1932 Ford 5-window Coupe
From Bill Neumann
Even though I planned ahead, there is always something that takes longer than expected. I’ve built many cars in the past, so I should know that sometimes you take two steps forward and one back.
Anyway, Alan Palmer finally painted the chassis and body. It is now all rubbed out and looks great.
I’m assembling the running gear (the fun part) and it’s now a roller. Note the Powermaster booster, Wilwood master cylinder, and proportioning valve. I polished all the stainless steel brake lines made by Bent Custom and Performance and fittings from Goodrich – all a standout against the red chassis.
The chassis is riding on a Kugel rear end, and a Posies Super Slide chrome front spring. I have to mention that the spring fit perfectly and the chrome is excellent. The axle is a three inch drop stainless steel part from Speedway Motors. The stainless steel spindles, ball joints and radius rods are from Magnum Axle.
I chose the Fidanza aluminum flywheel with the steel face, clutch and pressure plate. They supply a pilot shaft for alignment with the kit – went on perfect. I decided to use the Tilton Engineering hydraulic throw out bearing. No installation problems here, but you need a slide micrometer to get the bearing spacing right-on – very important!
My son’s, Aaron and Gary lifted the trans and helped me bolt up the Muncie 4-speed to the bell-housing. Then we carefully lowered the engine and trans into the chassis – no scratches! All the nuts, bolts, washers and screws are from Totally Stainless – a great company with quick shipping. They carry lots of thread sizes used on early cars, like on my 1932 Ford coupe. Some come polished, and those that didn’t, I polished everything. I always measure what needs to be bolted up and cut the bolt to length, allowing for a Nyloc and washer – I don’t like a lot of threads sticking out. I give the cut end some filing and sanding and then polish the threaded end that shows too.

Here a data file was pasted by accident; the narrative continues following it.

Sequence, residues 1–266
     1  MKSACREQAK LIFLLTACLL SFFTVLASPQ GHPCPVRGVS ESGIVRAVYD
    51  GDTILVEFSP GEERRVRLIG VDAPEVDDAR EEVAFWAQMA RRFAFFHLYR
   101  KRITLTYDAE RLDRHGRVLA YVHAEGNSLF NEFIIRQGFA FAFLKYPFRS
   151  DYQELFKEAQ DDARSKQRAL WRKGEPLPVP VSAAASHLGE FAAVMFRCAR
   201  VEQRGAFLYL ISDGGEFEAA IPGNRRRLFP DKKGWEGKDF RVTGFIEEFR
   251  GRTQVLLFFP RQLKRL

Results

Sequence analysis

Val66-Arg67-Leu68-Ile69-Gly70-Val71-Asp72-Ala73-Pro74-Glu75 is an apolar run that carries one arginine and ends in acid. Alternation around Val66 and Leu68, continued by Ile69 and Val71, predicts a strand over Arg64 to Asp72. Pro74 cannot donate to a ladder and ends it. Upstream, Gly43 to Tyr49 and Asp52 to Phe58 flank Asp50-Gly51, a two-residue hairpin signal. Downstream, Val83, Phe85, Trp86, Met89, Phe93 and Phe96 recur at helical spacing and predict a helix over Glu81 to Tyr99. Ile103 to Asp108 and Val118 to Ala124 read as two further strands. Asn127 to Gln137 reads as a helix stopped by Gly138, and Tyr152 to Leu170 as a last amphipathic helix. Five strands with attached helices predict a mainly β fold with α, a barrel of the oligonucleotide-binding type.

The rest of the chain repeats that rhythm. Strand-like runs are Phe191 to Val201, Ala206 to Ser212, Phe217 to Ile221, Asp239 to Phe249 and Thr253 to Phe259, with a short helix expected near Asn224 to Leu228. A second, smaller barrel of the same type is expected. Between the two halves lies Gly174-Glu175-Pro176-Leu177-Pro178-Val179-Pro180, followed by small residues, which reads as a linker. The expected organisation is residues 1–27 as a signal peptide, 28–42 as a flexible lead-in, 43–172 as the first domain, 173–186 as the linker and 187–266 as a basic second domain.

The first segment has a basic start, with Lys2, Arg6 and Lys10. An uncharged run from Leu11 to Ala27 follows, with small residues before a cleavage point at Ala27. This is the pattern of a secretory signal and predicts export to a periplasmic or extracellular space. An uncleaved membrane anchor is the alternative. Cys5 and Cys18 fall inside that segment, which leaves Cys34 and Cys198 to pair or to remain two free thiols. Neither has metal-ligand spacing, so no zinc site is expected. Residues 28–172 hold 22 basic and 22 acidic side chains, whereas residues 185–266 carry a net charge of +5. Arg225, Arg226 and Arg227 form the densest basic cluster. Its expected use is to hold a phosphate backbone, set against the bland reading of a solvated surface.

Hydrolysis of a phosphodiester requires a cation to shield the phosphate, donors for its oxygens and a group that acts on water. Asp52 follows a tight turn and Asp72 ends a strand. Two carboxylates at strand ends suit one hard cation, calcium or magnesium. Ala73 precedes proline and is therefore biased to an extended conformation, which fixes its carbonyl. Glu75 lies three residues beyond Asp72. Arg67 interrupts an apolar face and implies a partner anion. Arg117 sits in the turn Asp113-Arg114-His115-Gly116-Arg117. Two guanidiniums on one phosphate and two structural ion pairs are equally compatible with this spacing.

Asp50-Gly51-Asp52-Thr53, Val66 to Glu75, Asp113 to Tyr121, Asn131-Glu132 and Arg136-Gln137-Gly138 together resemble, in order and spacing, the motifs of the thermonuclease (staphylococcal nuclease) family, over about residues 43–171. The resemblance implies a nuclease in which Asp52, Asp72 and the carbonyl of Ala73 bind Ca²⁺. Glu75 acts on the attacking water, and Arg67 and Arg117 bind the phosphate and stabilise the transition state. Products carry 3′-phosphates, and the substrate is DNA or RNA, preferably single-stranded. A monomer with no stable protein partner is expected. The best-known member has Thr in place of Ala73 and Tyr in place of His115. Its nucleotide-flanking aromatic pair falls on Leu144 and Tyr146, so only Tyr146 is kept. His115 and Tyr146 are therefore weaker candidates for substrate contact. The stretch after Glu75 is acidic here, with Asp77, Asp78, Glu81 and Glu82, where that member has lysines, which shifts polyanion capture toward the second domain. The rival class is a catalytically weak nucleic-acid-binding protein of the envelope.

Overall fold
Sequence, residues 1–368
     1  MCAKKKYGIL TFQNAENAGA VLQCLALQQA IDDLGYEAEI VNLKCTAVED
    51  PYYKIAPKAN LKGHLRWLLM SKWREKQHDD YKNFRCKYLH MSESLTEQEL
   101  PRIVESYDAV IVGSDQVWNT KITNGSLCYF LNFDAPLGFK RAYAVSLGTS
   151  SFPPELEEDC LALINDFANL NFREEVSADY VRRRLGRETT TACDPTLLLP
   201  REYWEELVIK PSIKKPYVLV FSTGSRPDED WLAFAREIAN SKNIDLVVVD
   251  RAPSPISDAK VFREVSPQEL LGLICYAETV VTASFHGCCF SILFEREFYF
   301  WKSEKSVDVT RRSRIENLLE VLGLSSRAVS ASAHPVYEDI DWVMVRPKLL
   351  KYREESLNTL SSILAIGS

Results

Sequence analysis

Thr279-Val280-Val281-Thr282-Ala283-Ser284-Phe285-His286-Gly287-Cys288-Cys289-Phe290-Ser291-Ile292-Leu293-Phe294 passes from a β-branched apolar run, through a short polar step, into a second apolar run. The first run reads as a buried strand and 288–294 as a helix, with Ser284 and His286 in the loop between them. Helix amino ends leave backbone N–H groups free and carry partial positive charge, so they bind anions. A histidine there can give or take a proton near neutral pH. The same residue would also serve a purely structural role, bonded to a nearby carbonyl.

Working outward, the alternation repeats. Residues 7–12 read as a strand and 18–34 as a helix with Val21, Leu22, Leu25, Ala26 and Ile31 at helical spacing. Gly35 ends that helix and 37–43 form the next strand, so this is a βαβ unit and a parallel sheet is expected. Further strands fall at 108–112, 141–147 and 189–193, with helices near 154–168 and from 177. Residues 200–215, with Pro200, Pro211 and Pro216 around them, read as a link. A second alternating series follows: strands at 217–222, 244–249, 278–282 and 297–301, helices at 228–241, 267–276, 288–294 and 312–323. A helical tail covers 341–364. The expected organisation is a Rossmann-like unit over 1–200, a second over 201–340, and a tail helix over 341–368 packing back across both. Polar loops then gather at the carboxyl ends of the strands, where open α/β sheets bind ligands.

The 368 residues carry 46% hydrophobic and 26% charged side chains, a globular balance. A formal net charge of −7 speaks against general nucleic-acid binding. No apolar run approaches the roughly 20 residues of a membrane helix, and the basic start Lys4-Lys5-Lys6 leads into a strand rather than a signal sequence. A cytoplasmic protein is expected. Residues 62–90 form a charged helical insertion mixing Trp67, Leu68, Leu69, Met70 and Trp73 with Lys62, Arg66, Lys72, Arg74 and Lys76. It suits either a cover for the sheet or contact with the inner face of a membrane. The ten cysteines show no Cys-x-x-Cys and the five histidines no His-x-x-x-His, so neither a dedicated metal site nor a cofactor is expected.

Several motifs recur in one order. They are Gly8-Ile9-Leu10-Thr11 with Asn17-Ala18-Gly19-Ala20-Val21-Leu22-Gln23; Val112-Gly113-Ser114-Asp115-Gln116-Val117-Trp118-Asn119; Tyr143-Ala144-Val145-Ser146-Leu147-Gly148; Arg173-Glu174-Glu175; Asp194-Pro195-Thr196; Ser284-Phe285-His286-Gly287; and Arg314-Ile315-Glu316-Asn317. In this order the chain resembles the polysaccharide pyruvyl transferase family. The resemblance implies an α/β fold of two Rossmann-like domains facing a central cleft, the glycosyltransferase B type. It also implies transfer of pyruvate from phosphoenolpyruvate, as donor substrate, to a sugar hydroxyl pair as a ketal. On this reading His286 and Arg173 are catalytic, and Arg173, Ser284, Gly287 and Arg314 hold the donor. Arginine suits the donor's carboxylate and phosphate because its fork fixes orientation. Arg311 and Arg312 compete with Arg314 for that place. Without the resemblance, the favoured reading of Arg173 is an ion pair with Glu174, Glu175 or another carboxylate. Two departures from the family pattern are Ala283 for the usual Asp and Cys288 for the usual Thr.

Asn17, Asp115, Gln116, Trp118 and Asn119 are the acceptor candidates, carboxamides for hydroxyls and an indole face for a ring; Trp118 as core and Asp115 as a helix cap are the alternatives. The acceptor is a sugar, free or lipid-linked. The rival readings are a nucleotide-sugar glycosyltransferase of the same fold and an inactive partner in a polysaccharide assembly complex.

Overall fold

I’m using a Hurst shifter and for a little contrast, I chromed the levers and rods. Everything went on perfect. After this was completed, I installed the three-carb manifold and valve covers from Automotion – they painted the carb bodies and valve covers the same PPG Cherry Red to match the body color. A Joe Hunt ignition completed the installation. It’s looking just like my original roadster. The last parts to go on the engine was the Billet Specialties polished pulley’s with serpentine belt drive – looks great!
In the next installment, I’ll give you photos of the completed engine and chassis.